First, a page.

Chavism received a serious blow in the parliamentary elections this last Sunday, December 6. The strength of the blow is such that the movement is still reeling. The Venezuelan opposition, loosely organized in an electoral bloc called the Democratic Unity Roundtable (MUD), achieved not just a majority of seats in the National Assembly but also the qualified majorities needed to call for referendums, initiate constitutional reform, and reorganize the judicial branch. The long-term consequences of this setback, which are likely grave and possibly disastrous, will depend on the Chavist movement’s capacity to both maintain internal order and also renovate itself.
Faced with these electoral results, President Nicolás Maduro has been among the first to call for self-critique and renovation in Chavism. This is something the late leader Hugo Chávez tried to launch with the “3Rs” campaign (Revision, Rectification, Re-impulsing) some five years ago. Yet serious self-criticism has always eluded the Bolivarian movement. More than an ethical issue, it is a problem of organization: who will critique whom and with what force? History has shown the difficulty in balancing democracy and centralism within the left’s universally subscribed framework of democratic centralism. Effective critique usually comes only when a new internal force emerges, such as the Chinese Red Guards of the mid-1960s, typically supported by some fraction of the old guard. No such thing has ever happenned in Chavism.
Self-criticism also has to face facts and interpret them without prejudice. The key fact is that Sunday’s well-attended election’s saw two million more voters opting for the opposition bloc than for Chavism. Is this because, as President Maduro has said, there is an “economic war” against Venezuela and against his government? At best the explanation is partial. An economic war, such as the ones carried out against Salvador Allende’s Chile or Revolutionary Cuba, is not necessarily successful. If Cuba has resisted more than 50 years and with fewer resources, then the Venezuelan government’s conduct facing its own economic war must be erroneous. The key factor is surely that, despite the government’s constant alerts about economic aggressions, it has never proposed a coherent strategy to defeat them. That would mean clearly defining the enemy, locating its headquarters, and then organizing actions to attain a strategic victory.
The fact that Maduro has proposed no such strategy is likely the main reason that so many working-class voters, including those in historically Chavist sectors such as the famed 23 Enero barrio of Caracas, voted against Chavism last Sunday. The Venezuelan people have shown their resilience and loyalty in situations that were far more grueling such as the Oil Stoppage of 2002-3, but when there is no end in sight because the leadership lacks a strategic plan, then it is almost impossible for leaders to preserve credibility and followers to maintain faith.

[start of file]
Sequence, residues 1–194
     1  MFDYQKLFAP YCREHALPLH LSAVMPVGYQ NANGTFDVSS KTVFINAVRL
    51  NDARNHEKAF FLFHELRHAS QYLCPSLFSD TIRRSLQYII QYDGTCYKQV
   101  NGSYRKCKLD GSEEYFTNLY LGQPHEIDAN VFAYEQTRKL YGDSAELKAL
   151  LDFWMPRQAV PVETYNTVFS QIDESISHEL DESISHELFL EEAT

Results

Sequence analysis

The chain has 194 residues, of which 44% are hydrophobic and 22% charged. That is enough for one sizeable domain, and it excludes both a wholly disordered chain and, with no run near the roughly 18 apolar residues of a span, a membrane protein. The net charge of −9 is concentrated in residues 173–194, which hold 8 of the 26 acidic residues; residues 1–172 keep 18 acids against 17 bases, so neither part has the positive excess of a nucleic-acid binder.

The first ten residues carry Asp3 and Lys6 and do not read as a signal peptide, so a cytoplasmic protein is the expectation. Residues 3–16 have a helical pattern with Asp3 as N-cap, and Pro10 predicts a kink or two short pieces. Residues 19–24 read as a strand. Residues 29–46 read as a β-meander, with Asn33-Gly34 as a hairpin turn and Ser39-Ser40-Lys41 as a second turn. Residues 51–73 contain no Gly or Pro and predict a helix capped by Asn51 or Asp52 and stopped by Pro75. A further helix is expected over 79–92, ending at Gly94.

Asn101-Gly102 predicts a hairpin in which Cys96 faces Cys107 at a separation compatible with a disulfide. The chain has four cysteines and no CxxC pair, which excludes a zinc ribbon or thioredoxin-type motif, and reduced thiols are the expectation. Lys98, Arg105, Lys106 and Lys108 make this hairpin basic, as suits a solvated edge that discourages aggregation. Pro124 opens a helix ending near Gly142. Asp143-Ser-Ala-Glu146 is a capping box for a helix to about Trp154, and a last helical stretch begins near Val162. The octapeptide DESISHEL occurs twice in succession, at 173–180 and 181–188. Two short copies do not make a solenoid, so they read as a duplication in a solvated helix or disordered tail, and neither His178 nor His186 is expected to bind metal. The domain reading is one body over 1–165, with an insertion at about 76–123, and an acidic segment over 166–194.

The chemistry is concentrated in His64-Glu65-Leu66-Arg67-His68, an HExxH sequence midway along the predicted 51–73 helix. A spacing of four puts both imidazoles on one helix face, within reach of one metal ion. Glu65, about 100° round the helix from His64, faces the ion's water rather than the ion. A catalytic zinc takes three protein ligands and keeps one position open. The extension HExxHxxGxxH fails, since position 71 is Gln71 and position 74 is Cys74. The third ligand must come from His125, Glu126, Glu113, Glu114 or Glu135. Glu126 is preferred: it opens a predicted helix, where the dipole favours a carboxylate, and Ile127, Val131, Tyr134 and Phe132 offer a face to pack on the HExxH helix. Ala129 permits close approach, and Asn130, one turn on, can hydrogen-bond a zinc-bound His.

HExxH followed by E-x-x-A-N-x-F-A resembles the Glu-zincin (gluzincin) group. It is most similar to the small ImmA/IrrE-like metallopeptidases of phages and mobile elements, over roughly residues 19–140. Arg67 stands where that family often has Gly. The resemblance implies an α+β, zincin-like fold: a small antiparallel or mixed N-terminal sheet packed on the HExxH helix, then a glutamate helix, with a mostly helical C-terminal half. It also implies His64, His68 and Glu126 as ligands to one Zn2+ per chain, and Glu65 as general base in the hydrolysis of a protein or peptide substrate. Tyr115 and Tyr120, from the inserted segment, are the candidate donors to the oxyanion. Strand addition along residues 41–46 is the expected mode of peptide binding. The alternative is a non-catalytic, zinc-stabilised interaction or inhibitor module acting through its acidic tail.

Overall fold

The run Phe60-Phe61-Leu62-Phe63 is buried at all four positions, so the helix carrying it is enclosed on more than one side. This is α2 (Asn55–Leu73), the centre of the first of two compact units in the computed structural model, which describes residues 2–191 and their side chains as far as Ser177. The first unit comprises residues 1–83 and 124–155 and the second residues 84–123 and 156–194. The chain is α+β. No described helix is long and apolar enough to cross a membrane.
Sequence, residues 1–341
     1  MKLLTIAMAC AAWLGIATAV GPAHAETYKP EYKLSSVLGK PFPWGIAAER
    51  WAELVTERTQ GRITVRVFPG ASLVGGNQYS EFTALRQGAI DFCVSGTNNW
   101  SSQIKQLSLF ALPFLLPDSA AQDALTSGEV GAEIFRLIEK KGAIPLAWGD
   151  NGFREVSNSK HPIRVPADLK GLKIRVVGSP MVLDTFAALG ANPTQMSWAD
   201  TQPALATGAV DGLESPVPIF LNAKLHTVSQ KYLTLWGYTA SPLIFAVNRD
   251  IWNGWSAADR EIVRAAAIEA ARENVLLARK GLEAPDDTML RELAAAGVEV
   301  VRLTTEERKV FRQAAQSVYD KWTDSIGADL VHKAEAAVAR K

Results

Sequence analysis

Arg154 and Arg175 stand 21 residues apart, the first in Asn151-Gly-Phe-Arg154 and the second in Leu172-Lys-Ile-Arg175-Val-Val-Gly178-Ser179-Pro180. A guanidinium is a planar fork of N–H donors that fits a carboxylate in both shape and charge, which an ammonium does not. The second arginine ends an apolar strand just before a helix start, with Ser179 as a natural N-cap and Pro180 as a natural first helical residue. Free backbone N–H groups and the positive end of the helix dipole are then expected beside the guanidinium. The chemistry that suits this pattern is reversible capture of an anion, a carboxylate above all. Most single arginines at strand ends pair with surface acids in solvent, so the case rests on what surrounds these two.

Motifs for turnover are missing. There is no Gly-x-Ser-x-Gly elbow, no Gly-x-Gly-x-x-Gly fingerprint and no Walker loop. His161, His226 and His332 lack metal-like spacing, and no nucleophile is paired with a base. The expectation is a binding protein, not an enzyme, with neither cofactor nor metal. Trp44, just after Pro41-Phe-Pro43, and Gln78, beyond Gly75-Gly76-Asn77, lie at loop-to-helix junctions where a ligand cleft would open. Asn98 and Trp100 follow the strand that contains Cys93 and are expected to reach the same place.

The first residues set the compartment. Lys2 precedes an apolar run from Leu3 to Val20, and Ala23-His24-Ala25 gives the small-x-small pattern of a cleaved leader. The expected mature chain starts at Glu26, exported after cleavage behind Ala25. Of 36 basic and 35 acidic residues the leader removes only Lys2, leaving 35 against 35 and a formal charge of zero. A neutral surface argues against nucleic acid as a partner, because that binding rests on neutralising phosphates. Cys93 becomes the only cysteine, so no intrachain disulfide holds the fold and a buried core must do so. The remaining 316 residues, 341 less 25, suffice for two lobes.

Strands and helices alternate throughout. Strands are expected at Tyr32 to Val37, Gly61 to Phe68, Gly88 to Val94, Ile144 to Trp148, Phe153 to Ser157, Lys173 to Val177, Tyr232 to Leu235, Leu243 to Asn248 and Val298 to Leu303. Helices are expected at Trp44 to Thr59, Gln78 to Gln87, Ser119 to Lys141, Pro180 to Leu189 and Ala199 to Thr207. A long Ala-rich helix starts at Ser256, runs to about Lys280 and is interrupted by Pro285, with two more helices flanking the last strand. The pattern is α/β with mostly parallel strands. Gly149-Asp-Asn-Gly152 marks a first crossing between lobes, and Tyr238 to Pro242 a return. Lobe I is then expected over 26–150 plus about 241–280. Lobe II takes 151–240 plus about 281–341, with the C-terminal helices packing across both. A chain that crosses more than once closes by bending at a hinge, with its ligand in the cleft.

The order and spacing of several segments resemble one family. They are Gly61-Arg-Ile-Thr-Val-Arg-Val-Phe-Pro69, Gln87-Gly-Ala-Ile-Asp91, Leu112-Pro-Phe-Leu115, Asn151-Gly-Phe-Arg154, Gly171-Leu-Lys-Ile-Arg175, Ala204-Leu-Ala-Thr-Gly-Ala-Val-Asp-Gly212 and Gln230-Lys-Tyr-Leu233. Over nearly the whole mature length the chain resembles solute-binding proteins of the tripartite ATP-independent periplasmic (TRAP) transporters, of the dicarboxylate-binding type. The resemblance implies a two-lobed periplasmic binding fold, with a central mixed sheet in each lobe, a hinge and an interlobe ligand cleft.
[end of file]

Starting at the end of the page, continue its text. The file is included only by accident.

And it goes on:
During the upcoming year, Venezuela’s serious economic problems, which are structural and have much to do with the global economic crisis, will continue, despite the Democratic Roundtable’s false promises that voting in their favor would lead to a rapid resolution. This means that 2016 will be marked by a discursive battle over who is responsible — in a split-power situation — for the persistence of the economic difficulties. Here Chavism will start out with a disadvantage, since as the recent voting result indicates, it is presently held responsible. Yet as the opposition’s false promises come to light — along with its internal division and incoherence, to say nothing of its profoundly fascist and genocidal tendencies — it will come under greater scrutiny and criticism by the masses.
Chavism will have to look to preserve its most treasured advances and legacies. These include the social programs and expanded democracy, which will all come under attack. Yet just as important are the ideas and the political example. These must not be allowed to be buried under the detritus of a hundred compromises and retreats, if the Chavist legacy is to continue inspiring people worldwide. The recent campaign saw Chavism engaging in miserable clientist practices (giving away phones and cars) and a fear campaign (“The right-wing will take your house and your computer”) that paradoxically resembled the opposition’s anticommunist propaganda against Chávez in 2006-7. It should be remembered that the opposition and imperialism want not only to defeat Chavism on the ground but also to erase its legacy. The latter is best achieved through an involution of the movement, as happened when European socialist movements became first “social-democractic” and then neither socialist nor democratic. For that reason, Chavists should work to resist such degeneration, even at the risk of losing state power.
Chris Gilbert is professor of Political Science at the Universidad Bolivariana de Venezuela.